Field Hockey

Division I

Co-sponsored from 1975-78 by the United States Field Hockey Association (USFHA).

Division II

Division III

Golf

Division I

Team

Individual
Prior to the era of the CIAW/AIAW, the DGWS also crowned an individual collegiate golf national champion from 1941-1965.

Division II

Team

Individual

Division III

Team

Individual

Gymnastics

Division I

Division II

Division III

Lacrosse

Division I

AIAW championship from 1981-82. Administered from 1978-80 by the United States Women's Lacrosse Association (USWLA)

Division II

Division III

Skiing

From 1983 through the present (2007) the NCAA has sponsored a combined men's and women's team championship.

Soccer

From Fall 1982 through the present the NCAA has sponsored a women's championship.

Fastpitch Softball

Division I

AIAW championship from 1974-82. Previously administered by the Amateur Softball Association (?) from ? - 1973. Co-sponsored by the AIAW and ASA through 1979.

Division II

Division III

Junior/Community College

Slowpitch Softball

After the last AIAW competition, a collegiate national championship in slow-pitch softball was held in 1983 (sponsor?). The University of South Florida won. It appears that most of the college women's slow-pitch teams at that time were from Florida and North Carolina.

Swimming and Diving

Division I

Division II

Division III

Synchronized Swimming

United States Synchronized Swimming has continued to sponsor national collegiate championships from 1983 through the present (2008). From 1983 through 2004, Ohio State won 19 of the 22 titles. Arizona won in 1984. Stanford won in 1998, 1999, 2005, 2006 and 2007. Ohio State won in 2008.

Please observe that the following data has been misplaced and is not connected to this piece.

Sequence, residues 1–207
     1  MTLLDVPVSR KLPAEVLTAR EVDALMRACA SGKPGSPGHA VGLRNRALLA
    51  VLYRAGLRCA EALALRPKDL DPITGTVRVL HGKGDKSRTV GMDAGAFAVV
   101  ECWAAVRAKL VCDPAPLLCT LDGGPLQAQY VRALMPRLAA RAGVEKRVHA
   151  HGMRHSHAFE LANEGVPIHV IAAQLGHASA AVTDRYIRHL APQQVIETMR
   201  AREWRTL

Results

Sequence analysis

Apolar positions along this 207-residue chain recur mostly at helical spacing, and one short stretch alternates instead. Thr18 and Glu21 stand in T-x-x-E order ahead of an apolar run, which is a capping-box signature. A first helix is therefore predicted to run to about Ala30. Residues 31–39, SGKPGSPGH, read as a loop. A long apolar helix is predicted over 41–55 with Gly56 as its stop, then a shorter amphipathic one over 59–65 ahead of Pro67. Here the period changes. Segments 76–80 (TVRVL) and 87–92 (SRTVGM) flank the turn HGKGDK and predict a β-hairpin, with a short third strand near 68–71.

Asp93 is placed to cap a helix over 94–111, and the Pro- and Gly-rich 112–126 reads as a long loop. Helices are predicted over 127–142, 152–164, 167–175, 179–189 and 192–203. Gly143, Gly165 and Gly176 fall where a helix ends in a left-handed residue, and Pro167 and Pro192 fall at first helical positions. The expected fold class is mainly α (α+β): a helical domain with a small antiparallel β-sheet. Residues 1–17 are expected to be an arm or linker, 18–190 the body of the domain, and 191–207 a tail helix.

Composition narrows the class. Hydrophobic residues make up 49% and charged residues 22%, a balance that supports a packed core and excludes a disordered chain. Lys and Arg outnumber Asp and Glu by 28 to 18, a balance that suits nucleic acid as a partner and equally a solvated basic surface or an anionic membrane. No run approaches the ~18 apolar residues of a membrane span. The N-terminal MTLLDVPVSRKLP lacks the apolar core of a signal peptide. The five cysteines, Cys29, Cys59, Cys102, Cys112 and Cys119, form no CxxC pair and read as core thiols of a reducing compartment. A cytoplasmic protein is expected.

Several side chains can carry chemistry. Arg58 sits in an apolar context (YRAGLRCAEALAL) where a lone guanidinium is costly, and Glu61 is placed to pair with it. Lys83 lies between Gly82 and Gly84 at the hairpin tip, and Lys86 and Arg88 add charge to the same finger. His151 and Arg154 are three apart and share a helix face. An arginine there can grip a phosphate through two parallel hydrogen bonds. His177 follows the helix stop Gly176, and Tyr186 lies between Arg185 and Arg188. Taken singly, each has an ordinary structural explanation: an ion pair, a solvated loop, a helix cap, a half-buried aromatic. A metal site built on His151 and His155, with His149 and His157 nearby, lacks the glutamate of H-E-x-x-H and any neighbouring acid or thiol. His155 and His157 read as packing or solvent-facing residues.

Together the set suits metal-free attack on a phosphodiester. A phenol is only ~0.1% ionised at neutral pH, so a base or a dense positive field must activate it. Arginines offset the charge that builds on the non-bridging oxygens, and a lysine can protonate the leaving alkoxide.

Tennis

Division I

AIAW championship from 1977-82. Administered from 1968-76 by the United States Tennis Association (USTA)

Division II

Division III

Indoor Track and Field

From 1983 through the present (2007) the NCAA has sponsored a women's team championship.

Outdoor Track and Field

Division I

AIAW championship from 1973-82. The first National Intercollegiate Track and Field Championship was sponsored by DGWS in the spring of 1969.

Division II

Division III

Volleyball

Division I

AIAW championship from 1973-82. Previously administered by the Division of Girls' and Women's Sports (DGWS).

Division II

Division III

Junior/Community College

Footnotes

[1] "Woodard wants place in college record book(,) NCAA doesn't recognize AIAW accomplishments," Andrew Hartsock, Lawrence Journal-World, March 3, 2001 (KUsports.com)

[2] Official 2007 NCAA Women’s Basketball Records Book, Jennifer Blomenberg (ed.), National Collegiate Athletic Association, November, 2006, p 18 (NCAA.org) (pdf - large)

[3] 2005 Women's Outdoor Track and Field Championships Records, National Collegiate Athletic Association, 2005 (NCAA.org) (pdf)

Sources